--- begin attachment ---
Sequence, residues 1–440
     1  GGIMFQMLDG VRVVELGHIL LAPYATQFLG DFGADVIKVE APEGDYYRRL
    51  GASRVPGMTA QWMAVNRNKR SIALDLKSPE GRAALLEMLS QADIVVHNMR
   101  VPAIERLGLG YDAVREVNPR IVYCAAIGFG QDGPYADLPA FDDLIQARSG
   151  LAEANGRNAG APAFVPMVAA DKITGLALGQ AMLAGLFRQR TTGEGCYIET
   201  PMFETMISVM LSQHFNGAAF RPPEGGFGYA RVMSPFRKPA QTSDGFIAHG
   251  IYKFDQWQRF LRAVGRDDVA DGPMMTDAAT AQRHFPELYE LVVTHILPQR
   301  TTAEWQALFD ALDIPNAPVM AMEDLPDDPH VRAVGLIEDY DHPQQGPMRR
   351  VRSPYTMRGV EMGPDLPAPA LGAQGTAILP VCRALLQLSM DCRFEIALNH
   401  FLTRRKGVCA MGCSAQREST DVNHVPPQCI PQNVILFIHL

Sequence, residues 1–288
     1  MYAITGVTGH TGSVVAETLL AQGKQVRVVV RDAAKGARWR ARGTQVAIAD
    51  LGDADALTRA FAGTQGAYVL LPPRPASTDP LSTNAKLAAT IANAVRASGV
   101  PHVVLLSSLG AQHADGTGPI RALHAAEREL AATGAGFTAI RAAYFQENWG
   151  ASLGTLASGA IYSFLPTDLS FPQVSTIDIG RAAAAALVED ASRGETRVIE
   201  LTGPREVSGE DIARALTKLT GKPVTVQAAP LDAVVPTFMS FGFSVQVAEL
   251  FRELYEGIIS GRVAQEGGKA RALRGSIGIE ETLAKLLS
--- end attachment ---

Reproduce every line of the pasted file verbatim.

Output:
Sequence, residues 1–440
     1  GGIMFQMLDG VRVVELGHIL LAPYATQFLG DFGADVIKVE APEGDYYRRL
    51  GASRVPGMTA QWMAVNRNKR SIALDLKSPE GRAALLEMLS QADIVVHNMR
   101  VPAIERLGLG YDAVREVNPR IVYCAAIGFG QDGPYADLPA FDDLIQARSG
   151  LAEANGRNAG APAFVPMVAA DKITGLALGQ AMLAGLFRQR TTGEGCYIET
   201  PMFETMISVM LSQHFNGAAF RPPEGGFGYA RVMSPFRKPA QTSDGFIAHG
   251  IYKFDQWQRF LRAVGRDDVA DGPMMTDAAT AQRHFPELYE LVVTHILPQR
   301  TTAEWQALFD ALDIPNAPVM AMEDLPDDPH VRAVGLIEDY DHPQQGPMRR
   351  VRSPYTMRGV EMGPDLPAPA LGAQGTAILP VCRALLQLSM DCRFEIALNH
   401  FLTRRKGVCA MGCSAQREST DVNHVPPQCI PQNVILFIHL

Sequence, residues 1–288
     1  MYAITGVTGH TGSVVAETLL AQGKQVRVVV RDAAKGARWR ARGTQVAIAD
    51  LGDADALTRA FAGTQGAYVL LPPRPASTDP LSTNAKLAAT IANAVRASGV
   101  PHVVLLSSLG AQHADGTGPI RALHAAEREL AATGAGFTAI RAAYFQENWG
   151  ASLGTLASGA IYSFLPTDLS FPQVSTIDIG RAAAAALVED ASRGETRVIE
   201  LTGPREVSGE DIARALTKLT GKPVTVQAAP LDAVVPTFMS FGFSVQVAEL
   251  FRELYEGIIS GRVAQEGGKA RALRGSIGIE ETLAKLLS